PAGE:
In statistics, overdispersion is the presence of greater variability (statistical dispersion) in a data set than would be expected based on a given statistical model. A common task in applied statistics is choosing a parametric model to fit a given set of empirical observations. This necessitates an assessment of the fit of the chosen model. It is usually possible to choose the model parameters in such a way that the theoretical population mean of the model is approximately equal to the sample mean. However, especially for simple models with few parameters, theoretical predictions may not match empirical observations for higher moments. When the observed variance is higher than the variance of a theoretical model, overdispersion has occurred. Conversely, underdispersion means that there was less variation in the data than predicted. Overdispersion is a very common feature in applied data analysis because in practice, populations are frequently heterogeneous (non-uniform) contrary to the assumptions implicit within widely used simple parametric models. … Overdispersion google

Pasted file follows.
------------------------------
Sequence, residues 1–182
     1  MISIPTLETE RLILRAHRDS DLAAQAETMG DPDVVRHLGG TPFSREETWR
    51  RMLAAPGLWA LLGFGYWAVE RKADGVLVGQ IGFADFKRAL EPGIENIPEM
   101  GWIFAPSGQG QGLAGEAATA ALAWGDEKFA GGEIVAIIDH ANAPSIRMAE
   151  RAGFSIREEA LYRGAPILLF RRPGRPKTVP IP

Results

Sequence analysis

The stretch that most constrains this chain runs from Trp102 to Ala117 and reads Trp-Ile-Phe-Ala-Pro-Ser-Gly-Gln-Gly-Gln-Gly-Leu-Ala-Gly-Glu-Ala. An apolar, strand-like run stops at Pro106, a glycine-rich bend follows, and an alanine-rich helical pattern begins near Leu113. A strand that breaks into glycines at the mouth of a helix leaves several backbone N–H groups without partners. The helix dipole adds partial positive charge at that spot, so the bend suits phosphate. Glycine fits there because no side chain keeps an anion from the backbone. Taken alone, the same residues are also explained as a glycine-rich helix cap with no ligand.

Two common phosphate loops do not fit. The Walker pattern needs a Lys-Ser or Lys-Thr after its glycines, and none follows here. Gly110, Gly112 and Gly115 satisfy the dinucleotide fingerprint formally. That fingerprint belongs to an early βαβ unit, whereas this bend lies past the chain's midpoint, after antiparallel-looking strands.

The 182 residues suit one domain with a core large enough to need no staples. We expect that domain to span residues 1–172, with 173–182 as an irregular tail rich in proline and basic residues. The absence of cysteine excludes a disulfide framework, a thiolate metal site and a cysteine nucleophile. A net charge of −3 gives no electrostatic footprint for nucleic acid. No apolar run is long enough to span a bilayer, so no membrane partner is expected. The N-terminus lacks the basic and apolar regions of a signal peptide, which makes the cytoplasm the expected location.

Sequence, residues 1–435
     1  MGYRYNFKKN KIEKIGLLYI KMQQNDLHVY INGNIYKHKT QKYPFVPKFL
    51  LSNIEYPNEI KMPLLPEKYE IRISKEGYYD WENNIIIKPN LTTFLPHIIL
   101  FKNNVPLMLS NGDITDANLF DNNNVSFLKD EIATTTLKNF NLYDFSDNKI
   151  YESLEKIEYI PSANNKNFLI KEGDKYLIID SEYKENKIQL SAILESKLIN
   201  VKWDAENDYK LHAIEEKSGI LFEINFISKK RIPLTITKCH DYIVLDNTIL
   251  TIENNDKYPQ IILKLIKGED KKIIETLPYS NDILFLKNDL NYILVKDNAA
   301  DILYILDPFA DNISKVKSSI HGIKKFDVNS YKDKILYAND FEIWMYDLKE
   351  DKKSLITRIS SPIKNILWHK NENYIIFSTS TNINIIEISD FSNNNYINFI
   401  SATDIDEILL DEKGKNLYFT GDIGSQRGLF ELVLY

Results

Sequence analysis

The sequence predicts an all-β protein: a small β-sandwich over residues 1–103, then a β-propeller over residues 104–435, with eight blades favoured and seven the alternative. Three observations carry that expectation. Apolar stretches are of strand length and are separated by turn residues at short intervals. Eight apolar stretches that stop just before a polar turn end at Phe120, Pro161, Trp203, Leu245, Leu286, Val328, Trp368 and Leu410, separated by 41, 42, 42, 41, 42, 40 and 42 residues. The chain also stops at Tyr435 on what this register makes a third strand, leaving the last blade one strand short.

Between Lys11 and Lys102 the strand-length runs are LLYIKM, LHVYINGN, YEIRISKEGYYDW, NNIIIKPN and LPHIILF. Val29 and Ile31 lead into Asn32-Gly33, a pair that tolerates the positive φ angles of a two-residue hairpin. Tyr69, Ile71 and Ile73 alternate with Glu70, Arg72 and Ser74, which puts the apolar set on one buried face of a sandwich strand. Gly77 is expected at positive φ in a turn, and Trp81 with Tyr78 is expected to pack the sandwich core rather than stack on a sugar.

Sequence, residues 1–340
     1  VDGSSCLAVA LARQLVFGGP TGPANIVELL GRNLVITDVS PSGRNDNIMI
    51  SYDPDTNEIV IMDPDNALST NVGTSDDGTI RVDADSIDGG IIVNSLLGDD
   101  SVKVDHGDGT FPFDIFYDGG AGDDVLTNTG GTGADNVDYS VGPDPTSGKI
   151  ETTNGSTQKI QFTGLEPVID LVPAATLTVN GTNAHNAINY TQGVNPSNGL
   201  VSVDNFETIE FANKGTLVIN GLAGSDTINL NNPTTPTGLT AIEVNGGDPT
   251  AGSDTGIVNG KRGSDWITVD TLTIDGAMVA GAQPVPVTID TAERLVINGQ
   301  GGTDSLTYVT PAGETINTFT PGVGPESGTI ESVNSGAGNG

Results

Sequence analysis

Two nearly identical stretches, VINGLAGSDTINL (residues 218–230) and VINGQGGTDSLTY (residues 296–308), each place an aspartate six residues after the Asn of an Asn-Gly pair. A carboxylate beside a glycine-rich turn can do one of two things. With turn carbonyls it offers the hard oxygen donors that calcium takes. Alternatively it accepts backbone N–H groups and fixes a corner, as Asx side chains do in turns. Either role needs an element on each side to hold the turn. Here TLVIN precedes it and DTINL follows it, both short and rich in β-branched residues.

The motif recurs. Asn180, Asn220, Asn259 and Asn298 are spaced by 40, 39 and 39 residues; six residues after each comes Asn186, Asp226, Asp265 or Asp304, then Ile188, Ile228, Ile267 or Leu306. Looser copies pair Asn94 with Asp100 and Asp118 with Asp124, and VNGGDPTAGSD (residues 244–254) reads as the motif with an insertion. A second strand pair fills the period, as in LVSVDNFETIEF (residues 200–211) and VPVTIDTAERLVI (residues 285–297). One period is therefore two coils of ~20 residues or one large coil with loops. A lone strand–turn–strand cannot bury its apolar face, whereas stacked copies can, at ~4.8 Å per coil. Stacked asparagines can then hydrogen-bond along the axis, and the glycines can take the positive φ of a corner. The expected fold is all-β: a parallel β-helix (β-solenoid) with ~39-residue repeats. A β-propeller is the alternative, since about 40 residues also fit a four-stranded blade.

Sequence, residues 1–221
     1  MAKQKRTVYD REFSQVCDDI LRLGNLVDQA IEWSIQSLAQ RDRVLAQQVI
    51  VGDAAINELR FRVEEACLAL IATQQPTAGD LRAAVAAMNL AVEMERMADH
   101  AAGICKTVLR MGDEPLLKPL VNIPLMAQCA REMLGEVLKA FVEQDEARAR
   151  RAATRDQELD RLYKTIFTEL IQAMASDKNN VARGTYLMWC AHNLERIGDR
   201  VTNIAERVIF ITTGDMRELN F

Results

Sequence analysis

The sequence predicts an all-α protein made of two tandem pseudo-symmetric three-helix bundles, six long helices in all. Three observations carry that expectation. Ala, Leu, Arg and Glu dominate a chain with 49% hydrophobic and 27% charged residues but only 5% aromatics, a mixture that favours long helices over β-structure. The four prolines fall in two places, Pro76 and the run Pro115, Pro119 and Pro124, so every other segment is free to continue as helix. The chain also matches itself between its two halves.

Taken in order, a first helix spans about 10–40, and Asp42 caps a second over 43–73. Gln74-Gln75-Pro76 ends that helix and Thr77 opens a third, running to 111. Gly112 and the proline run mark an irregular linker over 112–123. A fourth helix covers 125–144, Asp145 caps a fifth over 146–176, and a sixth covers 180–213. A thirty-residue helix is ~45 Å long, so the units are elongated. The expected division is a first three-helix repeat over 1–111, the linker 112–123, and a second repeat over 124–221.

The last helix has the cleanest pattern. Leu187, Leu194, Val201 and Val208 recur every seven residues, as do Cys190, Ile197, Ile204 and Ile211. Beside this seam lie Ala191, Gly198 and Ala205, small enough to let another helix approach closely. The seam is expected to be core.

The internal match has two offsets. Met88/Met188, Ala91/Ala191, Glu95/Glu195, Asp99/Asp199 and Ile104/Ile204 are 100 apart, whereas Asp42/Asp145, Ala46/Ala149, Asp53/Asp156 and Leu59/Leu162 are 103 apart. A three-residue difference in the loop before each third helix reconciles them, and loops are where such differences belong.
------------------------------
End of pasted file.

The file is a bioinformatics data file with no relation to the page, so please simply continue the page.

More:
Advertisements